Martha was the homemaker, and she was concerned about providing properly for the guest whom she had invited into her home. She was engaged in cooking and laying the tables, which was a lot of work for just one person to do, and she needed help. But Mary was enthralled with the Gospel message of the kingdom. Her joy was to sit at the feet of Jesus and learn of him. That was her top priority. Martha’s priority, at the moment, was to prepare the meal and take care of the physical comfort of our Lord.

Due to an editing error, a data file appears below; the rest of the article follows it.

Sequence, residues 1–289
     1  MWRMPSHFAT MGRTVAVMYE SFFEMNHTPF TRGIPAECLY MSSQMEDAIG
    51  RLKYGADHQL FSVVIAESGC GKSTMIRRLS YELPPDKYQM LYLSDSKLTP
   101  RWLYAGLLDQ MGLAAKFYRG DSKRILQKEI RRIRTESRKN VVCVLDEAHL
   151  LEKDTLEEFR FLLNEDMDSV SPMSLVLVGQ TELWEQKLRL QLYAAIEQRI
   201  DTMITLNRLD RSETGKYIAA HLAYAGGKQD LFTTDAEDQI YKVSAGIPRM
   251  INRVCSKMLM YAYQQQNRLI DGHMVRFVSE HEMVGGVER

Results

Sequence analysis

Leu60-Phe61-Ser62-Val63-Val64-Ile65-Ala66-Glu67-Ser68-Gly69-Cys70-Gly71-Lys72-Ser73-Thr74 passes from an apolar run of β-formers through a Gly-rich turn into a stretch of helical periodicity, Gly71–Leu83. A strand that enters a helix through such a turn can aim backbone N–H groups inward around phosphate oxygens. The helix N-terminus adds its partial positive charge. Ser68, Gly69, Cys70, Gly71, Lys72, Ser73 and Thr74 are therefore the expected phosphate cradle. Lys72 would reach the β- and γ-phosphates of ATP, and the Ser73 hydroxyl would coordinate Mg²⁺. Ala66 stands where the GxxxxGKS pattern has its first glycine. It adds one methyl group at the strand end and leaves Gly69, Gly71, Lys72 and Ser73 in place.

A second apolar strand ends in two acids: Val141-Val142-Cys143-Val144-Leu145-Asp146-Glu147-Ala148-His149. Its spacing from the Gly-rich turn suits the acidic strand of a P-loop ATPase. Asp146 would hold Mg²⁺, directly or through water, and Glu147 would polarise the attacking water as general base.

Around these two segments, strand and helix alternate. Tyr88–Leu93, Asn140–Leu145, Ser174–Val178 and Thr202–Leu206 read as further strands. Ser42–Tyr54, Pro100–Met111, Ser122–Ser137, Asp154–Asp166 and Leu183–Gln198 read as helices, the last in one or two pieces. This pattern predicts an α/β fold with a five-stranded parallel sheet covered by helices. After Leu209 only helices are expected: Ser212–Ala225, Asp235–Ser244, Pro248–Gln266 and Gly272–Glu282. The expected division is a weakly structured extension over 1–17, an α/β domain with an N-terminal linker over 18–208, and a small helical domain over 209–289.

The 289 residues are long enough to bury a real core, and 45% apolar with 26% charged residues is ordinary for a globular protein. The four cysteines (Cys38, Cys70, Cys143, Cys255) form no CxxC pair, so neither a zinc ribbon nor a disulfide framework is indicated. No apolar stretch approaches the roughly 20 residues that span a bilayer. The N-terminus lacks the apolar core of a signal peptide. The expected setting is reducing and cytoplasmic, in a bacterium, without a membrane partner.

Nothing is to be taken away from Martha for her desire to serve. Both Mary and Martha deserve equal praise for their interests, because one was a doer, and the other was a learner. However, later on, after their brother, Lazarus, had died, our Lord, in speaking to each one separately, found that their faith in him and their belief in the resurrection which he taught was just as firm in the heart of one as in the other. Actually, they had both been learners! If we had all ‘Martha’s’ around us, we would have lots of good food, and service, but the spiritual aspect of our fellowship would be somewhat less. We need both the ‘Mary’s’ and the ‘Martha’s’, and together we find a proper balance. Each one has their own particular priority, but both are needed in the service to the Lord and the brethren.